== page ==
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Cognigy.AI offers various functions to assist in preprocessing user inputs, such as text messages or transcribed voice messages. These functions make it easier to process data in Cognigy.AI.

An example would be when a user spells out a part number as alpha tango hotel double seven three nine minus L for London and C for Canada, resulting in ath 7739 - lc.

These functions support the English (en) and German (de) locales.

The functions are available in the following entities:


Function Name Description
cleanDisallowedSymbols Removes all symbols that are not explicitly allowed. All letters and numbers are allowed by default, and additional allowed symbols can be set.
resolveSpelledOutNumbers Replaces all number words with their numerical representation. For example, "five and three hundred nineteen" > "5 319".
resolvePhoneticAlphabet Detects and replaces all words that are part of the phonetic alphabet. For example, "alpha tango lima" > "a t l".
replaceSpecialWords (Deprecated) Replaces specifically set words with their replacements. For example, "lufthansa" > "lh".

This function has been deprecated since v4.58. Use the replaceSpecialPhrases function instead.
replaceSpecialPhrases Replaces specific words or phrases with replacements. For example, "Conversational AI" is changed to "CAI", "New York" to "NY", and "lufthansa" to "lh".
resolveSpelledOutAlphabet Resolves phrases like "a for anton b as in bertram" to "a b".
resolvePhoneticCounters Resolves strings like "3 times 2" to "222" or "double 4" to "44". Learn more about special rules in the Rules for resolvePhoneticCounters section.
contractSingleCharacters Joins all single characters standing alone into a full string. For example, "my name is c o g n i g y" > "my name is cognigy".
contractNumberGroups Joins all numbers standing next to each other. For example, "his number is 333 43 22 44" > "his number is 333432244".
trimResult Trims the start and end of the string and replaces all double (or more) spaces with single spaces.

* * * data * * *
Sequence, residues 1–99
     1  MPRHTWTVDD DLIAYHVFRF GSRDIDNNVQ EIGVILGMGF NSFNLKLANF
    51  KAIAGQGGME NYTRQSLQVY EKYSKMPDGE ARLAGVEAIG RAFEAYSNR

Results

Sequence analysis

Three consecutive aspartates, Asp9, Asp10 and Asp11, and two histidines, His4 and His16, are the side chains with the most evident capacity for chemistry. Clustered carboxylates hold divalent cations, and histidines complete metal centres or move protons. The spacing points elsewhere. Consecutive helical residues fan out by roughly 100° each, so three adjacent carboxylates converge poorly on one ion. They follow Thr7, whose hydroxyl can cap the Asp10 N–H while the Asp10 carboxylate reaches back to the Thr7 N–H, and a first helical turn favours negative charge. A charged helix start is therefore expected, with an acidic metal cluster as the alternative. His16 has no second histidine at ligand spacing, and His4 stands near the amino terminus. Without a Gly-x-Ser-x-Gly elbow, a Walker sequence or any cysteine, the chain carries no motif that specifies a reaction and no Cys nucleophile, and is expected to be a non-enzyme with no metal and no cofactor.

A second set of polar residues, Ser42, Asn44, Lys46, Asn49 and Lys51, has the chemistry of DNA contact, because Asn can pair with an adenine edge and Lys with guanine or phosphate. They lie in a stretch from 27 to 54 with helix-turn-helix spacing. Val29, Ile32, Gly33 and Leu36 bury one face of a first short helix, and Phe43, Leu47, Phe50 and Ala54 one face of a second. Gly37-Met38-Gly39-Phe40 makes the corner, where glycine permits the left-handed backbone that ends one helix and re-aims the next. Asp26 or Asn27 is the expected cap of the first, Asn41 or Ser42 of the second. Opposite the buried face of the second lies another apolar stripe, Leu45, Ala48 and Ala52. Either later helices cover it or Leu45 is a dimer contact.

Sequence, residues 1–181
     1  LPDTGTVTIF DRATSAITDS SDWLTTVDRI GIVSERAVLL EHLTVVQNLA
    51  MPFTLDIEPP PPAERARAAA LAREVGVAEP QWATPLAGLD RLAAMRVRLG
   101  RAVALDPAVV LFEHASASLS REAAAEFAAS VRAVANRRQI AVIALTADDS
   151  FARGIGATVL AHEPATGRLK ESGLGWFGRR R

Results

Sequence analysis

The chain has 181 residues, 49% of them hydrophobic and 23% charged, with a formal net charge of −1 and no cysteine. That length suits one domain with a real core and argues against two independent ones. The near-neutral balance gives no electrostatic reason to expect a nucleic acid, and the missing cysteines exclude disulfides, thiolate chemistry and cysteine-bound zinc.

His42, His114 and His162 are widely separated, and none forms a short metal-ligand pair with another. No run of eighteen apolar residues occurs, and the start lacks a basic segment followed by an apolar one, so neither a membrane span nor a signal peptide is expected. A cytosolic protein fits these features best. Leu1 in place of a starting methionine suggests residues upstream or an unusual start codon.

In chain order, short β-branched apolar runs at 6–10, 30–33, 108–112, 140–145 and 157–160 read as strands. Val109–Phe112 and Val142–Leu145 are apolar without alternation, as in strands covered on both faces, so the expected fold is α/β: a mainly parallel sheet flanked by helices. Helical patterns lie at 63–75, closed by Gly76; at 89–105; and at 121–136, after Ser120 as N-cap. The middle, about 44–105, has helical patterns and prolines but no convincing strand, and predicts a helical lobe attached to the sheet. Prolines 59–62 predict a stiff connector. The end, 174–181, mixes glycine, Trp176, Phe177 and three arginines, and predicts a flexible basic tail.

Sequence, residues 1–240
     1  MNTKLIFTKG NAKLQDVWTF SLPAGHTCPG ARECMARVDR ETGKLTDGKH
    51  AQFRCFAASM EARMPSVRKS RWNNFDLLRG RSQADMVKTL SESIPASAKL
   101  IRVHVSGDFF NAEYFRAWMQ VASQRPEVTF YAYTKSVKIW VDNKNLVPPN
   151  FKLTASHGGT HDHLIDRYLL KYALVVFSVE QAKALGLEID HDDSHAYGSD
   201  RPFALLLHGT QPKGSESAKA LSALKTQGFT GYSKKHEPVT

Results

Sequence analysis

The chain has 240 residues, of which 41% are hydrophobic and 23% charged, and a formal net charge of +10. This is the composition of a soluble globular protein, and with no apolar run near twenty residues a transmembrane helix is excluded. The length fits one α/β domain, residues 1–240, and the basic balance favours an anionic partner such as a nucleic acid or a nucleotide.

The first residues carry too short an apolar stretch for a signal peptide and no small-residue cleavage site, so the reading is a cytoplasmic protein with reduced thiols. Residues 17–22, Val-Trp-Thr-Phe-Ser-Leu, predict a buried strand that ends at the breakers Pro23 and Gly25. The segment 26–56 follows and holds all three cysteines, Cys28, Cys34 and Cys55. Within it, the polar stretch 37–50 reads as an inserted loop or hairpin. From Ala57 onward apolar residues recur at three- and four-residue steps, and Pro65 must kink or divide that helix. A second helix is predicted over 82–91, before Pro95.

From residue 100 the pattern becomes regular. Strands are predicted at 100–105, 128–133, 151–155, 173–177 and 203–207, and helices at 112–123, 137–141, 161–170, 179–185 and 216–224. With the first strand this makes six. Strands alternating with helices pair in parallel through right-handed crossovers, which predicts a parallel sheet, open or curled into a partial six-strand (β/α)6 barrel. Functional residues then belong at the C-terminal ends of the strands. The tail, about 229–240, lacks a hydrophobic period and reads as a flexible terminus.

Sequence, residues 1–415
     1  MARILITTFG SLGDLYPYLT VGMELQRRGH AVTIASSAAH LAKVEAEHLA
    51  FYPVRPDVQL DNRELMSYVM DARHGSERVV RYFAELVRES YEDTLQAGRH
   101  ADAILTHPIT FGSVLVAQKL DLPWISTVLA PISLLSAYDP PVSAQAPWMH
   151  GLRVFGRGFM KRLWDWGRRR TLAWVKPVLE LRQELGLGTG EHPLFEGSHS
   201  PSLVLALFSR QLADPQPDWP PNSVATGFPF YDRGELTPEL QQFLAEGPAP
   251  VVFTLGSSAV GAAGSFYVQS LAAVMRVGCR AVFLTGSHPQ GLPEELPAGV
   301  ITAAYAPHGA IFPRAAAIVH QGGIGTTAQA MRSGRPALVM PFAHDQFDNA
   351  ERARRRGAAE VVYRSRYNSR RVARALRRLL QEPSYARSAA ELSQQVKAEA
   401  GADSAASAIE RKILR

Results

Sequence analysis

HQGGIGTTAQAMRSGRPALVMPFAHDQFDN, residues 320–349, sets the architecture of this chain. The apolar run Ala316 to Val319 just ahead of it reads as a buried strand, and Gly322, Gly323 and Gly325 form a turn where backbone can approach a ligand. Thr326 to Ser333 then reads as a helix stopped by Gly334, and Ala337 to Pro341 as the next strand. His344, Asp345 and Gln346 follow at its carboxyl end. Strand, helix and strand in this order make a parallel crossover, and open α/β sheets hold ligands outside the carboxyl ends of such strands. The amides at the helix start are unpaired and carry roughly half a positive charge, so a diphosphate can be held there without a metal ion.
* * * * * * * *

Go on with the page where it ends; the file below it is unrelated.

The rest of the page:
Rules for resolvePhoneticCounters

This function is designed to convert phrases like "3 times 2" into their numeric representation, such as "3 times 2" to "222" or "double 4" to "44." The function handles sentences that include both a multiplier (for example, "3 times" or "double") and a multiplicand (for example, "2" or "4"). The multiplicand can be either a number or a character.

Some examples can be ambiguous. For instance, consider the phrase "double ap 3 4", which could be interpreted as either "aap34" or "apap34."

To avoid this ambiguity, Cognigy defined the following rules for multiplicand types:

Multiplicand type Rule Example
Number 2 times 3, 2 times 16
Multiplicand is a number less than 13 The multiplicand is repeated itself. "2 times 3" will return "33"
"2 times 11" will return "1111"
Multiplicand is a number greater than or equal to 13 Only the first digit is repeated.

The first digit is given priority due to the more common usage of phrases like "3 times 4" or "3 times 12," compared to "3 times 25".
"2 times 16" will return "116"
Character 2 times alpha, 2 times ox
Multiplicand is a phonetic character It is resolved, and the character is repeated. "2 times alpha" will return "aa"
Multiplicand has more than one character and is not a phonetic character Only the first character is repeated.

Cognigy assumes that the speech-to-text (STT) system transcribed the user input incorrectly and that the user intended to say another.
"2 times ox" will return "oox"
(we assume that the user intended to say "2 times o, x")